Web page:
What is the difference between OpenCL vs CUDA besides company?

Discussion in 'MacBook Pro' started by Starfyre, Oct 24, 2013.

  1. Starfyre macrumors 68030

    Starfyre

    Joined:
    Nov 7, 2010
    #1
    What does OpenCL have over CUDA if anything? They both sound like they are using the graphics card for "computational" tasks.
     
  2. SCOLANATOR macrumors 6502a

    SCOLANATOR

    Joined:
    Jul 3, 2013
    Location:
    UK
    #2
    OpenCL is like it sounds, an open source program language so you can build your programs to make use of internal GPU's. CUDA is the same except it was developed by Nvidia for Nvidia GPU's. I wouldn't worry about it. Just two different languages doing a similar task. Except one is open source and one is Nvidia specific.
     
  3. Starfyre thread starter macrumors 68030

    Starfyre

    Joined:
    Nov 7, 2010
  4. SCOLANATOR macrumors 6502a

    SCOLANATOR

    Joined:
    Jul 3, 2013
    Location:
    UK
    #4
    Hard to say, probably CUDA as I believe it has been around longer, since they introduced the unified shader architecture in the 8000 series. But I imagine OpenCL will quickly gain traction as it has more backers.
     
  5. Schnort macrumors regular

    Joined:
    Oct 24, 2013
    #5
    OpenCL isn't open source, it's an open specification agreed upon by "key players" in the industry.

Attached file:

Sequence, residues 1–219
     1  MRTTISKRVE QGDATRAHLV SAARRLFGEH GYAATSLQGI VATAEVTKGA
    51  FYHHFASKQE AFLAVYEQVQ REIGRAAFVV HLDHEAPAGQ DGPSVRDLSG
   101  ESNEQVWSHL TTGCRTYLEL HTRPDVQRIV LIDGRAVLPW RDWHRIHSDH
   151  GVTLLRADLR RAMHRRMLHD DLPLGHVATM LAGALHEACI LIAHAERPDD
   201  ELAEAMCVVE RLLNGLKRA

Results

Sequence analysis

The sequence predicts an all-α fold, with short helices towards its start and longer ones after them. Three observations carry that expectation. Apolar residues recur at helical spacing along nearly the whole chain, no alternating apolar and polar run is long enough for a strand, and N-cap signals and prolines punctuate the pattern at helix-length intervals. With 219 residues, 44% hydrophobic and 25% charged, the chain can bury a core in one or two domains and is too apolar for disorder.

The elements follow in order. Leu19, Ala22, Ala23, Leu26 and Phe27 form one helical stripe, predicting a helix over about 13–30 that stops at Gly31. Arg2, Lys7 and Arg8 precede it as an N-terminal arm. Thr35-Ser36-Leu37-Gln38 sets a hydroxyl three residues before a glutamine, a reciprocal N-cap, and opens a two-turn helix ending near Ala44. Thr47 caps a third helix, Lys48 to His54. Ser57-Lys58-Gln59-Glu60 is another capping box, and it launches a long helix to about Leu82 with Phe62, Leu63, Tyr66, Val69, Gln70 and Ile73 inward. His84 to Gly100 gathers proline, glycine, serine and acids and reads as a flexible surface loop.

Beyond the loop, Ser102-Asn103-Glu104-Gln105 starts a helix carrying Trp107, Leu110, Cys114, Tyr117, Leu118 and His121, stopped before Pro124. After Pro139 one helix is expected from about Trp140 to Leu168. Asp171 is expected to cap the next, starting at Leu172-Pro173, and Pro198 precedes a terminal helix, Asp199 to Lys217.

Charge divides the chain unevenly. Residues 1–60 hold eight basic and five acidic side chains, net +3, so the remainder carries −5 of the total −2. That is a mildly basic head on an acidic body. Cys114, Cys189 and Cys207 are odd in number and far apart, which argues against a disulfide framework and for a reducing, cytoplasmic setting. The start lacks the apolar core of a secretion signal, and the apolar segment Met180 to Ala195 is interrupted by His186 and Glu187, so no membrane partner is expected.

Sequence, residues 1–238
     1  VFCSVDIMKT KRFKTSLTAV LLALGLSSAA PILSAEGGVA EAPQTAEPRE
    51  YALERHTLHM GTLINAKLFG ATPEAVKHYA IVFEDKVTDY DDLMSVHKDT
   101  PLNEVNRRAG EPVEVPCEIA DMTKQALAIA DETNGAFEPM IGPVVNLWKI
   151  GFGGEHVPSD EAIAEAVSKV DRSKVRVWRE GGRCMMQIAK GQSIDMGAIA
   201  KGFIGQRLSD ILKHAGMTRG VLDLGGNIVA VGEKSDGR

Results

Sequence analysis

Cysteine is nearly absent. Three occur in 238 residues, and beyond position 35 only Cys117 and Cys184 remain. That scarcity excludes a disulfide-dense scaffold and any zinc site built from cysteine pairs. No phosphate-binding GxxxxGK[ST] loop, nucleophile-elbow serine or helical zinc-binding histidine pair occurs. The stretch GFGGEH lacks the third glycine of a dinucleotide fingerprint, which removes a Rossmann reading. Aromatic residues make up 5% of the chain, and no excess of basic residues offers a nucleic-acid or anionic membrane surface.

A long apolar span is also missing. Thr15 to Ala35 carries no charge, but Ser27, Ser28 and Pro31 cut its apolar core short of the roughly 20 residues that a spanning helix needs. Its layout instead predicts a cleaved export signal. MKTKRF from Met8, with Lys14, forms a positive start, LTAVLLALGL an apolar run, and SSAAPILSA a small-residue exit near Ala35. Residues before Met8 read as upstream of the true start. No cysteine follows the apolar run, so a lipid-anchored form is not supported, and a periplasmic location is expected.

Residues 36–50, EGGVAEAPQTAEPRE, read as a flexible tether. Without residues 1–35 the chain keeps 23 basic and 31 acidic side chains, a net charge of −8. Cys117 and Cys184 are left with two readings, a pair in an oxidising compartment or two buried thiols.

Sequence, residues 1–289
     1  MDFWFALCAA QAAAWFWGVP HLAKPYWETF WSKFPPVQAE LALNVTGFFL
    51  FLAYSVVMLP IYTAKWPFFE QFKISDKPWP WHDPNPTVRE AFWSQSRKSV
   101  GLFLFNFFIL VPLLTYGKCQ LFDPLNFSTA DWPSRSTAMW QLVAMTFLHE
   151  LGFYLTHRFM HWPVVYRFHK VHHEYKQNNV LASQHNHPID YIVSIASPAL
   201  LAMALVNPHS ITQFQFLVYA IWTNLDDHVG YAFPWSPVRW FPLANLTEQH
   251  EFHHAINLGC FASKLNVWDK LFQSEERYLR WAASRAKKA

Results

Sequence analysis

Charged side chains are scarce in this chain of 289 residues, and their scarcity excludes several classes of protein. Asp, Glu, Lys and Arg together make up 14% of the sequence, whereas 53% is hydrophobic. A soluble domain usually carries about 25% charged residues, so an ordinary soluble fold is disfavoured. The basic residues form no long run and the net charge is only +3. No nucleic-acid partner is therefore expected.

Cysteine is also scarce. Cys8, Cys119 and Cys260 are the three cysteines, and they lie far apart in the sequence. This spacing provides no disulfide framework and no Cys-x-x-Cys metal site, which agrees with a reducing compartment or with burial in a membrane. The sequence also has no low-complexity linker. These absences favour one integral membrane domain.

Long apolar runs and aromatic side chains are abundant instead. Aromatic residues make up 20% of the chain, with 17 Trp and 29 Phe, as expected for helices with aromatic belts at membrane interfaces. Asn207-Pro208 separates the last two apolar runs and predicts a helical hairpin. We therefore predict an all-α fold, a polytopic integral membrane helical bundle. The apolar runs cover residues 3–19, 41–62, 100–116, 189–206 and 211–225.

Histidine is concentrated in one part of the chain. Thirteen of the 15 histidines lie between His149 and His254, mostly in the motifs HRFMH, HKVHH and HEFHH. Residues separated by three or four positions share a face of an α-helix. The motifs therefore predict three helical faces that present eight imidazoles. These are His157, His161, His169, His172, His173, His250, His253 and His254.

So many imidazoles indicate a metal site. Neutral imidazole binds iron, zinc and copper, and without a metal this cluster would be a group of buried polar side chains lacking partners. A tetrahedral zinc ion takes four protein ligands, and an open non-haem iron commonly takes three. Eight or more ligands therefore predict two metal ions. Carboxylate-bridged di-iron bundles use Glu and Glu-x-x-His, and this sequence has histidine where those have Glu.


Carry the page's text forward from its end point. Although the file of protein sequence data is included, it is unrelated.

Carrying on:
Because the specification is agreed upon by committee and designed to be used across hardware platforms, it is likely less tailored to any specific vendor's hardware and almost certainly less efficient at some tasks than it could be.

    CUDA is NVIDIA's language, and more directly maps directly onto the nvidia hardware and pipeline.

    More popular? I dunno. NVIDIA has done quite a bit of pushing their solutions into render farms and the scientific community compared to ATI and Intel, etc. It may be that CUDA is more widely used in the wild in compute farms where efficiency of computation has a direct correlation to cost. OpenCL, however, is supported by "everybody" and if you're a writing software for the masses, it doesn't make too much sense to target CUDA and limit your audience.
     
  6. SCOLANATOR macrumors 6502a

    SCOLANATOR

    Joined:
    Jul 3, 2013
    Location:
    UK
    #6
    Schnort summed that up better. I didn't know quite how to put it as 'open specification' in other words it's maluable and not tightly controlled by one player like CUDA is with Nvidia.
     
  7. Starfyre thread starter macrumors 68030

    Starfyre

    Joined:
    Nov 7, 2010
    #7
    The thing about OpenCL is, it sounds like it is only for integrated chips right? Which by default, make it slightly more "unpopular" than CUDA as CUDA runs on dedicated graphics?

    Or is Nvidia planning to adopt OpenCL into their cards, which would effectively negate any need for CUDA for the reasons stated... it being everyones combined standard as opposed to only Nvidias or any single company? I can't see why OpenCL would be popular at all if all it runs effectively on now is Intels integrated gpus.
     
  8. Nermal Moderator

    Nermal

    Staff Member

    Joined:
    Dec 7, 2002
    Location:
    New Zealand
    #8
    That's not the case. Support for integrated graphics is new in Mavericks but discrete chips still work (and probably offer better performance).
     
  9. Atomic Walrus macrumors 6502a